Gardenia brighamii

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Gardenia brighamii
Starr 030523-0050 Gardenia brighamii.jpg
Scientific classification
Kingdom: Plantae
(unranked): Angiosperms
(unranked): Eudicots
(unranked): Asterids
Order: Gentianales
Family: Rubiaceae
Genus: Gardenia
Species: G. brighamii
Binomial name
Gardenia brighamii

Gardenia brighamii, commonly known as nānū, naʻu, or forest gardenia, is a species of flowering plant in the coffee family, Rubiaceae, that is endemic to Hawaii.[3]


Gardenia brighamii is a small tree, reaching a height of 5 m (16 ft).[3] The glossy, dark green leaves[4] are ovate, 2.2–10.5 cm (0.87–4.13 in) long and 1.5–5.5 cm (0.59–2.17 in) wide. The petals of the solitary, white flowers are fused at the base to form a tube 15–20 mm (0.59–0.79 in) in length and have six lobes.


Habitat and range[edit]

Forest gardenia inhabits tropical dry forests at elevations of 350–520 m (1,150–1,710 ft). It previously could be found on all main islands, but today populations only exist on Maui, Molokaʻi, Oʻahu, and Lānaʻi, and the Big Island.[3]


The total population of G. brighamii is between 15 and 19 trees. There are only two plants in the wild on Oʻahu and one on the Big Island.[5] Major threats to the survival of this species include loss of dry forest habitat and the establishment of invasive species, such as fountain grass (Pennisetum setaceum).[3]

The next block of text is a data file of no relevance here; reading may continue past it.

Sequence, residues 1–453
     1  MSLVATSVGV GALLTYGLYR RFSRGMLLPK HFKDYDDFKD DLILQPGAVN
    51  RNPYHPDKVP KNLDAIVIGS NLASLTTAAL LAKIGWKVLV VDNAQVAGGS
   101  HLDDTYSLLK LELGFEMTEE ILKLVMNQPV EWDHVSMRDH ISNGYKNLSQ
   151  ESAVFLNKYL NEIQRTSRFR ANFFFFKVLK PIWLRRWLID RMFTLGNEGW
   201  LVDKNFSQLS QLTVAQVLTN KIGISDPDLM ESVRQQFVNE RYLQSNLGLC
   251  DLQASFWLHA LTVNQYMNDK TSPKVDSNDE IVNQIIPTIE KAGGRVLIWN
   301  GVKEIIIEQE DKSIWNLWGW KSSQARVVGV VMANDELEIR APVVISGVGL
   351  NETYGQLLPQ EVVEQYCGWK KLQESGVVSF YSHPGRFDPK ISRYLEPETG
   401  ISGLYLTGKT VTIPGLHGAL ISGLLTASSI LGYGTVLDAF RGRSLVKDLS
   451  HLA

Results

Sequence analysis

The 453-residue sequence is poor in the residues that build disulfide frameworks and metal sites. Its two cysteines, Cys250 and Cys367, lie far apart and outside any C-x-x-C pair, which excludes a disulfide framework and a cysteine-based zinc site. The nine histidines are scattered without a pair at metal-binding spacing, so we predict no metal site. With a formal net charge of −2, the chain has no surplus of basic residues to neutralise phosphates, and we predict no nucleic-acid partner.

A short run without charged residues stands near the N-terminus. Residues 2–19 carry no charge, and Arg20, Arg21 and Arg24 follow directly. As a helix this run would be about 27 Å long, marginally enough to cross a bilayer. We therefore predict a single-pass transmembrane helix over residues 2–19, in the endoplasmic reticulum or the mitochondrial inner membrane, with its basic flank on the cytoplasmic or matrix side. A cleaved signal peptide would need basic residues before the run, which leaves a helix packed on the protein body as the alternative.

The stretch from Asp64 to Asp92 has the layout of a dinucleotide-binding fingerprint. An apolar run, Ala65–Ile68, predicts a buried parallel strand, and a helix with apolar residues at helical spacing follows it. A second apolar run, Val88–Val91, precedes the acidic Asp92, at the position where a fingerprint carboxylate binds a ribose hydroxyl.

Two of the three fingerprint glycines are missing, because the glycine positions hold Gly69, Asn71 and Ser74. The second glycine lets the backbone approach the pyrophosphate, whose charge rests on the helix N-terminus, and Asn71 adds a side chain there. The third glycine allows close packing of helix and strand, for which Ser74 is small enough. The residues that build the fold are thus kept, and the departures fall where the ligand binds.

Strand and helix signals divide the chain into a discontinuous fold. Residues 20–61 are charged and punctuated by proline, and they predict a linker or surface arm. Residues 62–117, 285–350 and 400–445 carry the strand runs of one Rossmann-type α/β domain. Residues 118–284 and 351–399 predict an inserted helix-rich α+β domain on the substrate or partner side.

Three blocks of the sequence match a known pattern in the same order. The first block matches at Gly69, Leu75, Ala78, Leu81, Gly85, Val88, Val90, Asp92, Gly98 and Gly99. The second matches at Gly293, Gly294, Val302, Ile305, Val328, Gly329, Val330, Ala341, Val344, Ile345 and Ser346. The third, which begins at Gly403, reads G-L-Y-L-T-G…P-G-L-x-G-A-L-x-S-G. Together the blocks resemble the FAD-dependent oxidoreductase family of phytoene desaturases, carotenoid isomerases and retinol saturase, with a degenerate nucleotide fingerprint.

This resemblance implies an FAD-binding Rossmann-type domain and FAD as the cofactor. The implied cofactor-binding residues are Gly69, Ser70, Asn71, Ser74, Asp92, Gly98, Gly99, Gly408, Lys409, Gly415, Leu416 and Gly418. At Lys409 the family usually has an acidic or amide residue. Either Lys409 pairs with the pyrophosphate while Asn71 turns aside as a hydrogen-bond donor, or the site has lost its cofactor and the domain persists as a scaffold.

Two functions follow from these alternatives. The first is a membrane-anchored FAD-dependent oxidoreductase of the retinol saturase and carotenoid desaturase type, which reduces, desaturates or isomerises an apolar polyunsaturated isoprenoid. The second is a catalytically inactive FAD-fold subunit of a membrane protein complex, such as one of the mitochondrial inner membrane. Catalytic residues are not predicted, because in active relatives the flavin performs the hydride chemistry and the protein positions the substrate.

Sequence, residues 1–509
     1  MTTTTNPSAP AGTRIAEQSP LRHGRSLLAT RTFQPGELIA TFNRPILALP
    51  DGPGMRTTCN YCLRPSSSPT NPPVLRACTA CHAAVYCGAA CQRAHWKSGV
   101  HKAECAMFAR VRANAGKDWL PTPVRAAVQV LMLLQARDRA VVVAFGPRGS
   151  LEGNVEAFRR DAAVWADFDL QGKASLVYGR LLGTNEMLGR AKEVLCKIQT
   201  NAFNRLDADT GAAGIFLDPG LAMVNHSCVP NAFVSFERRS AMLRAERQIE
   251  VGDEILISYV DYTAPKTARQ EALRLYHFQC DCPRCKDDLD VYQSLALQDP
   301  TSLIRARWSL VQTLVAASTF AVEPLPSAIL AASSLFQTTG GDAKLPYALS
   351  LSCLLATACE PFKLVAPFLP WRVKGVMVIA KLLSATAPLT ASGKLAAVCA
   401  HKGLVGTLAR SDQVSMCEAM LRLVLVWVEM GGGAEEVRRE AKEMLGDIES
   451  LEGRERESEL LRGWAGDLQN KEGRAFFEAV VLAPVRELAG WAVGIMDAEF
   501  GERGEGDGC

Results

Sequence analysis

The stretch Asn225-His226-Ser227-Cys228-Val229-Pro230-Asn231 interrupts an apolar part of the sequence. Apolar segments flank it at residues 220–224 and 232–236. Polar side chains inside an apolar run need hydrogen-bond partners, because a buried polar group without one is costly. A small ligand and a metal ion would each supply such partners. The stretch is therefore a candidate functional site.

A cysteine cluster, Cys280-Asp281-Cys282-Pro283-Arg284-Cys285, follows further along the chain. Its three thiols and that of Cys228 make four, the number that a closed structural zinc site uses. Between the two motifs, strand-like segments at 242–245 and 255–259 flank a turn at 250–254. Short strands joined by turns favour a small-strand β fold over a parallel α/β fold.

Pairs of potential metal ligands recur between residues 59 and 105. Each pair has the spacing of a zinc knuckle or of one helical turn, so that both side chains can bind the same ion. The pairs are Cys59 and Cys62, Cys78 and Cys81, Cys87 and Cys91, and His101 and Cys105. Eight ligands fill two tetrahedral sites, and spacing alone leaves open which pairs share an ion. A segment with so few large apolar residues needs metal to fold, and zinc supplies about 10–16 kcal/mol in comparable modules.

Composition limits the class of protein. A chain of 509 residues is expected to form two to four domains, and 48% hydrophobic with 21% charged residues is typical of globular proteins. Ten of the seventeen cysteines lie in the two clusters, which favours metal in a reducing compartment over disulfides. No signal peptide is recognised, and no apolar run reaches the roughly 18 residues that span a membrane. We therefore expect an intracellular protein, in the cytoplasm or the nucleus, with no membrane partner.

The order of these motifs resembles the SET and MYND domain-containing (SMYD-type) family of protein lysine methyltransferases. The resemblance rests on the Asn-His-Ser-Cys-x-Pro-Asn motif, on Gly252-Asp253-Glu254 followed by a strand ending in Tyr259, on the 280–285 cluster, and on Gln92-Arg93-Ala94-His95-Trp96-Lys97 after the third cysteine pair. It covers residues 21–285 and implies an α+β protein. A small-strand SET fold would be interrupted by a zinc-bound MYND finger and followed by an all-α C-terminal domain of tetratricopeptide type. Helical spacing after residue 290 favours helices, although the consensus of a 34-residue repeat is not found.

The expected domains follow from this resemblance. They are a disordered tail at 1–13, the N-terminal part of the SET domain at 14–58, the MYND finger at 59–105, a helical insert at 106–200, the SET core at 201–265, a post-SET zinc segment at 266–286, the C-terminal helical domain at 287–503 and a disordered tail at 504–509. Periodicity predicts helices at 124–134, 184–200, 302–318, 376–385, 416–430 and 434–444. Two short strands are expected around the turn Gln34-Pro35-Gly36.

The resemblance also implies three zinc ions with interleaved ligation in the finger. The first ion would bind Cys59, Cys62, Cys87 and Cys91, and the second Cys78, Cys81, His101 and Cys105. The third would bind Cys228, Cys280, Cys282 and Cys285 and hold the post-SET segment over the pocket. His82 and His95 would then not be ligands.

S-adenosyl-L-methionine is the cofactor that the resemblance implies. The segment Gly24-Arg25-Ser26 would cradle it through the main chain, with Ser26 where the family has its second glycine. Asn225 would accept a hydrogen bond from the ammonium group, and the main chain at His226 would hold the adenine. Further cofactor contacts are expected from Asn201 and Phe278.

Native Hawaiians made kua kuku (kapa anvils)[3] and pou (house posts) from the wood of nānū.[5] A yellow kapa dye was derived from the fruit pulp.[6] The white, fragrant flowers are used in lei. Today, it is grown as an ornamental plant on the islands.[5]


  1. ^ Bruegmann, M.M. & Caraway, V. 2003. Gardenia brighamii. 2010 IUCN Red List of Threatened Species. Archived June 27, 2014, at the Wayback Machine. Downloaded on 25 March 2011.
  2. ^ "Taxon: Gardenia brighamii H. Mann". Germplasm Resources Information Network. United States Department of Agriculture. 2007-08-28. Retrieved 2011-01-10. 
  3. ^ a b c d e "Gardenia brighamii (Rubiaceae)". Meet the Plants. National Tropical Botanical Garden. Retrieved 2011-01-10. 
  4. ^ "Gardenia brighamii". CPC National Collection Plant Profile. Center for Plant Conservation. 2010-03-04. Archived from the original on 2010-12-15. Retrieved 2011-01-10. 
  5. ^ a b c Barboza, Rick (2006-09-08). "Rare plant's fragrance has hint of coconut". Honolulu Star-bulletin. 11 (251). 
  6. ^ "nanu, nau". Hawaii Ethnobotany Online Database. Bernice P. Bishop Museum. Archived from the original on 2007-07-02. Retrieved 2011-03-25. 

External links[edit]